Many colleges and universities offer online classes for a variety of degree programs.
While they are typically geared toward busy students, online classes are great for those looking for a little more freedom in their school lives.
However, online classes aren’t ideal for some students. Whereas in-person classes allow students to develop a routine, online classes can be easier to forget and neglect.
If you’ve ever considered taking an online class, here are some pros and cons you should consider before you make your decision.
Pro: More flexibility.
Online classes are undoubtedly more flexible than in-person classes. With online classes, you can log on to your course website any time, and you can watch video lectures and other tasks all at once or in bits and pieces, depending on your schedule.
If you’re working full-time and can’t fit an in-person class into your schedule, an online class will give you the education you need in a format that is easier to manage.
Pro: More opportunities to work ahead.
Assignments for many online classes are posted at the beginning of the semester. This allows students to work at their own speeds, leading some students to finish the coursework several weeks early.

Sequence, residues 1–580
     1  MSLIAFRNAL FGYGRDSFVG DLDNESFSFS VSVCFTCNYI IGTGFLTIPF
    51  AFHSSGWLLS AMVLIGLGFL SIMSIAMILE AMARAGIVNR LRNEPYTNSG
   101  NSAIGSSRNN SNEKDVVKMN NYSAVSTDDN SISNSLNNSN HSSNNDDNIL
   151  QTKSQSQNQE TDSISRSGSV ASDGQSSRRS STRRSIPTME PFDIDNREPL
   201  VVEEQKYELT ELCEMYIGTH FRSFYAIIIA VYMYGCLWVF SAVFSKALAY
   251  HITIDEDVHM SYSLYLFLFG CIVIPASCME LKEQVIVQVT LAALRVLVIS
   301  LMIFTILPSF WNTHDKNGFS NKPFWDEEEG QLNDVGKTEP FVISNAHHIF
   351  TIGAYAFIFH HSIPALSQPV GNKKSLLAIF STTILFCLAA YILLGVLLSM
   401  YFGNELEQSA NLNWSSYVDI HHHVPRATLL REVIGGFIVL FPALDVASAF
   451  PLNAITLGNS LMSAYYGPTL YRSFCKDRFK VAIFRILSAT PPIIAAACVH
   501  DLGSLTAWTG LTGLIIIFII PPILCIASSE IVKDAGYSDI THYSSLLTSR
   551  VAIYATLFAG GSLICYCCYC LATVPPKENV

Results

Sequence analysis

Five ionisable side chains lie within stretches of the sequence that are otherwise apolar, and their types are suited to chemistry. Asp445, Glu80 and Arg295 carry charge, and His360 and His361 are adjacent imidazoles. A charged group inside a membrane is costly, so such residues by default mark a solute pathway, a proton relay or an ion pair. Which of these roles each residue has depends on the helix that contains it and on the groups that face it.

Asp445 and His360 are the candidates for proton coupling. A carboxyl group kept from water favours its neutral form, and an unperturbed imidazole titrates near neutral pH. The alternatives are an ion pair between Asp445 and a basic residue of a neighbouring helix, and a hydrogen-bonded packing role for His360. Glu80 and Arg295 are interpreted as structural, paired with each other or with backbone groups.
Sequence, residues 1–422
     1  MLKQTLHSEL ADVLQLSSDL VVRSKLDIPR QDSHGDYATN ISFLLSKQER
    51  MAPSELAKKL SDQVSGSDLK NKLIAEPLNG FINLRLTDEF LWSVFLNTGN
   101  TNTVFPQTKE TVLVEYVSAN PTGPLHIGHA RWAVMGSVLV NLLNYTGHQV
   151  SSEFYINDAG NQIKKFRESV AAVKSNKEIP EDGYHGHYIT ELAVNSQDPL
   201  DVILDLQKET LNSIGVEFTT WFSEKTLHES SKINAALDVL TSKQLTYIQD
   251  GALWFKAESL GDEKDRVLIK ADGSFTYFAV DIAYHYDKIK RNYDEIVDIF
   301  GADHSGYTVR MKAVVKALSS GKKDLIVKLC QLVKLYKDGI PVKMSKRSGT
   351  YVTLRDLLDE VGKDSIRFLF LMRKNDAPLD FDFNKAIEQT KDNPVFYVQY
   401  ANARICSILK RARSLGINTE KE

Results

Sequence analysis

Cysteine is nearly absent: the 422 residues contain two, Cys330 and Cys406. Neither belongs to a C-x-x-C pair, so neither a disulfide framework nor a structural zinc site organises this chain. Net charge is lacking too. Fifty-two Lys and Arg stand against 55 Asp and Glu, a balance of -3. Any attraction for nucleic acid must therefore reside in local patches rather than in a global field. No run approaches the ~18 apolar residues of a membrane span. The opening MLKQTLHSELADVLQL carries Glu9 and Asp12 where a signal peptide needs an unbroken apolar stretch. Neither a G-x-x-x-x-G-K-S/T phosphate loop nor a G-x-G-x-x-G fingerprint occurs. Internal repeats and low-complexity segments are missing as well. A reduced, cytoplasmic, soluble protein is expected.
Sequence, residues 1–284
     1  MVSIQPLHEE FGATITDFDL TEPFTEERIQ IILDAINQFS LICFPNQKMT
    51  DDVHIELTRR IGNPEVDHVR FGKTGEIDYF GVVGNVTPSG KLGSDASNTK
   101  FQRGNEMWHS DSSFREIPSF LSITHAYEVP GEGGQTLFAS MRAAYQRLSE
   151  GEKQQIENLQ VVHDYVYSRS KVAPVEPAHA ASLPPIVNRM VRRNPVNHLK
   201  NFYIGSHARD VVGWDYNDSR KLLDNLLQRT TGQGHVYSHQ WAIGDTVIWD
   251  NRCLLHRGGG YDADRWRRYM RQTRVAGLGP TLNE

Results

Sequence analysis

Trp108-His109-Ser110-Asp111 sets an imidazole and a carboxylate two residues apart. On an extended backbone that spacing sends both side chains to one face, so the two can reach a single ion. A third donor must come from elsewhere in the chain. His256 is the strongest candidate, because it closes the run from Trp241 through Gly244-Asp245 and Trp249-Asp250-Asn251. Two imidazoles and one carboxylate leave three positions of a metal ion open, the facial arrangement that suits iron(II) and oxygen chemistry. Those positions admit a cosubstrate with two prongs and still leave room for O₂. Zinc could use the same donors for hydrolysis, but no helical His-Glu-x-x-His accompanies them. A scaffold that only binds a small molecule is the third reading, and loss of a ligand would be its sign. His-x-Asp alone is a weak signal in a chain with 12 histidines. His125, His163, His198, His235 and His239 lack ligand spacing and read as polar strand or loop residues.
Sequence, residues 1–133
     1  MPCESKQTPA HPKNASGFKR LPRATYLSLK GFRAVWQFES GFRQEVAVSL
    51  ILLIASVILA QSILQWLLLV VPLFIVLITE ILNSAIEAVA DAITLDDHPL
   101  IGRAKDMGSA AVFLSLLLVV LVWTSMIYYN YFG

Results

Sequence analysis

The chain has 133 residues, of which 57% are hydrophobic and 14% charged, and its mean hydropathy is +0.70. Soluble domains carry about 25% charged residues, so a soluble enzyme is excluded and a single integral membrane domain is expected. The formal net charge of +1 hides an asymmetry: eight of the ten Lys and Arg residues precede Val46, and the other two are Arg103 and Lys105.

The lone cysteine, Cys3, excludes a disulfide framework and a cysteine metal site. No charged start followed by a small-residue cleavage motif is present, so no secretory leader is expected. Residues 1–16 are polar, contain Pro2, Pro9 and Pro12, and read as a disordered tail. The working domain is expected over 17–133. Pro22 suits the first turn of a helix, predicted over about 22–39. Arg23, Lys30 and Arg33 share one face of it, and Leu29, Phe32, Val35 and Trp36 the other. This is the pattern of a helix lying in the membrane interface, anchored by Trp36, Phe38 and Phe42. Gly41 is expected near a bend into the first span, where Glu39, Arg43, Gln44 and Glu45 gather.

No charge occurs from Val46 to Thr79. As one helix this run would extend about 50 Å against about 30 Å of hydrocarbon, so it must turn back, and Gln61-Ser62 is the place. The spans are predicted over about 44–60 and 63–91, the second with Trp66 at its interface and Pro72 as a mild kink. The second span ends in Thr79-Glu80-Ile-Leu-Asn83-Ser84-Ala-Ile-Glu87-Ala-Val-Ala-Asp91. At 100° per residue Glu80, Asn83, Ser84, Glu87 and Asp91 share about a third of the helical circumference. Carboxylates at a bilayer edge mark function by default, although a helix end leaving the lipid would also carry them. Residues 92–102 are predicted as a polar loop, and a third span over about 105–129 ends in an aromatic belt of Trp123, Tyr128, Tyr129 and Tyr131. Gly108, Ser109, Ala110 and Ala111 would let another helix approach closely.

If you have some free time on a particular day, but you know your schedule will get busier in the future, online classes allow you to utilize your free time to go over the material and complete your assignments early, without the waiting hassle of an in-person class.
Con: No personal connection.
With many online classes, there are no opportunities to develop personal connections with classmates or the professor. You can likely see their names on the class list, but you won’t be able to have face-to-face conversations unless you set up meetings with them.
While this may not be a big deal for some students, others like to develop connections with classmates for homework help and study group purposes.
Developing relationships with professors is also important. Not only will they be more willing to help you if they know you personally, but they could also serve as references in your future job search.
Con: More personal responsibility.
Because there is no professor to occasionally remind you of assignments in person, it can be more difficult to keep track of all your tasks in an online class.
Your success in an online class will depend largely on your ability to be organized and self-disciplined. If this is a struggle for you, use your online class experience to develop these skills, as they will come in handy in a variety of other situations.
Though no two online classes are exactly the same, these positives and negatives can be applied to most all online classes. If you decide to take an online class next semester, good luck!